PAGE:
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On the fifth day our travellers returned to Jerusalem. Helon, rejoicing in the success of his journey, compared his own lot with that of the children of Habaiah, Hakoz, and Barzillai, of whom Ezra and Nehemiah write, that after their return from the captivity they sought for their registers, and not being able to find them, forfeited their sacerdotal office.* On their return they passed through Lachish, which Helon had not seen before, of which the prophet Micah said, “Thou art the beginning of sin to the daughter of Zion." This town was taken by Joshua from a Canaanitish prince ; it was fortified by Rehoboam.§ Amaziah was put to death in it ;|| and the ambassadors of Hezekiah came hither with presents to Sennacherib. Next he saw Libnah,** which, like Lachish, was situated in the plain of Sephela, and was memorable for its defection from king Joram. At last they came to Socho, near which is the grove of terebinths, where David fought with Goliah. In the earlier part of their day's journey they had also seen the cave of Adullam, doubly memorable as having afforded a hiding-place to David, and as being the place where Judas Maccabæus kept the first sabbath, which we read of as having been celebrated after the atrocities of the king of

Happy in having stored his memory with many pleasing pictures of the Land of Promise, infinitely more happy in the thought that there was now no obstacle to his admission into the priest-hood, Helon greeted the Holy City a second time.

Ezra ii. 61. Neh. vii. 63.

$2 Chron: xi. 9.

** 2. Kings viii. 22.

+ Micah i. 13.

2 Kings xiv. 19.

tt 1 Sam. xxii. 1. 2 Maccab. xii. 38.

Josh. x. 32.

12 Kings xviii. 14.




ELISAMA and Helon, as they drew near the gates of Jerusalem, soon perceived from the commotion among the people, from the triumphal preparations, some wholly, some only partially finished, and from the influx of strangers, that a public rejoicing was at hand. It resembled the preparation for the Passover, but there was more of mirth, and altogether a more worldly character in it. The acclamations of joy which had been heard on the first intelligence of the victory were now renewed, on the evening before the victors were to make their solemn entry into Jerusalem.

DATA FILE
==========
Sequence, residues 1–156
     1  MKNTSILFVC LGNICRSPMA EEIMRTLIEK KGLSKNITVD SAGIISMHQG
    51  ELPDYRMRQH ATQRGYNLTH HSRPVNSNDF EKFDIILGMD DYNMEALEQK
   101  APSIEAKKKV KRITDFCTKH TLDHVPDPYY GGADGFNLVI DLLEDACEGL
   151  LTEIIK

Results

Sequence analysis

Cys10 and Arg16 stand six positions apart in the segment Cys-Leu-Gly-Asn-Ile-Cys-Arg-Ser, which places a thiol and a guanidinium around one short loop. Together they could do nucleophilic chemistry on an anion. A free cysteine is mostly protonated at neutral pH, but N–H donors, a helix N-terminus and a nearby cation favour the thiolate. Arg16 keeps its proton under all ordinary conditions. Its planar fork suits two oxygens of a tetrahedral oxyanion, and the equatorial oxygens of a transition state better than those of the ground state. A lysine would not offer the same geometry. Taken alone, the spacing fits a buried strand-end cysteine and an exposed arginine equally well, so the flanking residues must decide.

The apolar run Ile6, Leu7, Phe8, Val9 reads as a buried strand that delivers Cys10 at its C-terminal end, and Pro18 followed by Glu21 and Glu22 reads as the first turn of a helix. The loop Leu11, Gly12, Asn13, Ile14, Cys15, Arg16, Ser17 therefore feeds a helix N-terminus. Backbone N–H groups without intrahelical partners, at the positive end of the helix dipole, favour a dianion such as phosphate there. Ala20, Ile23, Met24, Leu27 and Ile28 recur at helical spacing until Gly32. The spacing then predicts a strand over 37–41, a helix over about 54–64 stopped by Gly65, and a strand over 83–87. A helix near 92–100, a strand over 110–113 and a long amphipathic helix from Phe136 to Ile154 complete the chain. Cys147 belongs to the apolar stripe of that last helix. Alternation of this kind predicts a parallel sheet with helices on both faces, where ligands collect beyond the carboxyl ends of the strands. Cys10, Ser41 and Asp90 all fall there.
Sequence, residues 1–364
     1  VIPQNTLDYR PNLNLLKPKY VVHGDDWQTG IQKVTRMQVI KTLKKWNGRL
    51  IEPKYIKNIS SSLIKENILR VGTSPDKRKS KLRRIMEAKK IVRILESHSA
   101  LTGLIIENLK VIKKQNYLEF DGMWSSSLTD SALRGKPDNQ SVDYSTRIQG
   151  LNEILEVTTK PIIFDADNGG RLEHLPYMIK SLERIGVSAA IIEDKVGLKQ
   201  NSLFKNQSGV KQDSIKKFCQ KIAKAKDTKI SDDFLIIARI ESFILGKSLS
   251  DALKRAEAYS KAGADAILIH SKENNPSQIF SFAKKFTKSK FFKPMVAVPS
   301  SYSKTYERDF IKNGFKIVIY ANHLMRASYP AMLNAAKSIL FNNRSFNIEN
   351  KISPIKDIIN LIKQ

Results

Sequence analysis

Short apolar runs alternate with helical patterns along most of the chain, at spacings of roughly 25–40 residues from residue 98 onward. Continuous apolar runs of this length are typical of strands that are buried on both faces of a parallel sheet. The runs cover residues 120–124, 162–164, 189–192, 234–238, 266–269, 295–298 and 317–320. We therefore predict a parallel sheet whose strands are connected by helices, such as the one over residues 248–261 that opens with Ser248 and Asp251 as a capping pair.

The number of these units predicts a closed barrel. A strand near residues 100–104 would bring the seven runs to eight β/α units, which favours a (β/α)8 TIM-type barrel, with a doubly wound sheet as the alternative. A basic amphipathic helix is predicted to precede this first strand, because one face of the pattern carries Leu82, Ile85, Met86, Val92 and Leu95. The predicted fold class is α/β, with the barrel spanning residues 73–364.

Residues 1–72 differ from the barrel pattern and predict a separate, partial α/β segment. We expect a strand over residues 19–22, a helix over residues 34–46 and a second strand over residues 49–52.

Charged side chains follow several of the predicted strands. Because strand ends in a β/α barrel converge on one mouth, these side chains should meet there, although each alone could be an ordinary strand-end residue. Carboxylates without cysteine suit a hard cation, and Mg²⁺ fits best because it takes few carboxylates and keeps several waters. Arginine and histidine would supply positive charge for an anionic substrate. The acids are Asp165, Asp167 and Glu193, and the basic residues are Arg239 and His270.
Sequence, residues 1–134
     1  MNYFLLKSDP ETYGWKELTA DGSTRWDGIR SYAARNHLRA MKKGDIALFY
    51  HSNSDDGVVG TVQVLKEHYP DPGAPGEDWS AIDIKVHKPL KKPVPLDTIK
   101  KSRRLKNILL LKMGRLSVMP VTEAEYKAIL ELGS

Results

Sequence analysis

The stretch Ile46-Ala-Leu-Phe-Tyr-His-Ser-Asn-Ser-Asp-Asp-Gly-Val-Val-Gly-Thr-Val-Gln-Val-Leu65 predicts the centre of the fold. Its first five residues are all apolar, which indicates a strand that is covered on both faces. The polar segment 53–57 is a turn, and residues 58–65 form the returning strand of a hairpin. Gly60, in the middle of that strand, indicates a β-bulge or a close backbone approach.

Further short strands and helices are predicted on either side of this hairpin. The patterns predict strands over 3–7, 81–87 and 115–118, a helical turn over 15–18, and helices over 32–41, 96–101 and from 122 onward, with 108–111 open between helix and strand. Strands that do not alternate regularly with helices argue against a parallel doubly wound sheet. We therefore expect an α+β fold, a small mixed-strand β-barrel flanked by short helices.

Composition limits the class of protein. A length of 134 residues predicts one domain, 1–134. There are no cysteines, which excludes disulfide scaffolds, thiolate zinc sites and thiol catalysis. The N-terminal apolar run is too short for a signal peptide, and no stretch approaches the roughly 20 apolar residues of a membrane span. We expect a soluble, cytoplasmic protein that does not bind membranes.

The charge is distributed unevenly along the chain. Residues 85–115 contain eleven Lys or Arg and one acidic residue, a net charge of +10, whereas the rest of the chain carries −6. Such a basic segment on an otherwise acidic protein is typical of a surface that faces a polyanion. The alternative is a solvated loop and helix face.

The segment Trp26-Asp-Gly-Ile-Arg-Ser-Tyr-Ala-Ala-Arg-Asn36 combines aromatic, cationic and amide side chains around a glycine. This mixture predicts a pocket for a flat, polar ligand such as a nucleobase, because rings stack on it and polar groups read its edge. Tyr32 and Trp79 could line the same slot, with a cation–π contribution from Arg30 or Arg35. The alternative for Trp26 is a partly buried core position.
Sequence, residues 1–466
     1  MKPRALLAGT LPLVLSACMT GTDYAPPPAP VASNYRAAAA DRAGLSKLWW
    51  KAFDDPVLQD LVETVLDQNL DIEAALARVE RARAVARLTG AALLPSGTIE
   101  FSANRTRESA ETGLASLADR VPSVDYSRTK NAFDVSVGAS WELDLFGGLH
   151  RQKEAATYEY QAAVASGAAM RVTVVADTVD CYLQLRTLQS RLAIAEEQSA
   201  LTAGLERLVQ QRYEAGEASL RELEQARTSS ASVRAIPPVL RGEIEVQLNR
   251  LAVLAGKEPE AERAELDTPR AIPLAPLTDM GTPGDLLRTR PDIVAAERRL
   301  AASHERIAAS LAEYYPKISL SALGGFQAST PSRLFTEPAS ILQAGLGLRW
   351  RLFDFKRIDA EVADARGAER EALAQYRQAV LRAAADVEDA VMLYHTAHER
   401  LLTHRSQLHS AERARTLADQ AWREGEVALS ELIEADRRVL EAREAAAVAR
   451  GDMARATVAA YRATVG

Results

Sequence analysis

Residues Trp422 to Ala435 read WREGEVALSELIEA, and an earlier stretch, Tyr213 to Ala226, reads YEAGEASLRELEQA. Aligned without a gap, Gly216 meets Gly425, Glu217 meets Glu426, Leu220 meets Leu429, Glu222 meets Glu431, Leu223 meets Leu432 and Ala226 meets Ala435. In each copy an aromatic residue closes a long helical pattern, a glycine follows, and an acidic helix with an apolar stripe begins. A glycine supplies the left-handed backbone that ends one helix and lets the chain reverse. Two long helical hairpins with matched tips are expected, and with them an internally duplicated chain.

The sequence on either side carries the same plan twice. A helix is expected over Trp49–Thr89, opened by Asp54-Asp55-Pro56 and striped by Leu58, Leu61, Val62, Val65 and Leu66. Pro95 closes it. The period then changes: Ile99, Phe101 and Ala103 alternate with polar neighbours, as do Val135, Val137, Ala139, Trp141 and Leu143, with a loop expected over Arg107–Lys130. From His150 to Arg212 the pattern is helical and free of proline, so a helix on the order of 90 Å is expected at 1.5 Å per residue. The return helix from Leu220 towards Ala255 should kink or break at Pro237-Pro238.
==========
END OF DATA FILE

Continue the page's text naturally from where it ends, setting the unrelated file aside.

Iddo was standing at the gate of his house, a place in which, according to the custom of the Jews, the father of the family was seldom seen, not even Iddo, lively and active as he was. On this occasion, however, he had stationed himself there, in order to lose none of the animating sights which the busy and crowded streets exhibited. Beside him stood the Nazarite, who had already arrived, in his coarse garments and unshorn locks.

The feet of the guests were washed and the supper served up. The conversation turned on what the travellers had seen during their journey, and what had passed in Jerusalem during their absence. All were in eager expectation of the spectacle of tomorrow, and as Elisama was weary, they speedily separated and retired to rest. On the following day, as early as the commencement of the morning sacrifice, the multitude streamed towards the gate of Ephraim, by which the victorious army was to enter. The streets of the New City and the Lower City, as far as the castle Baris, were strewed with fragrant flowers; tapestry of various colors hung from the parapets of the roofs, and banners were displayed from the Alijahs, while on the pinnacles of the temple were hung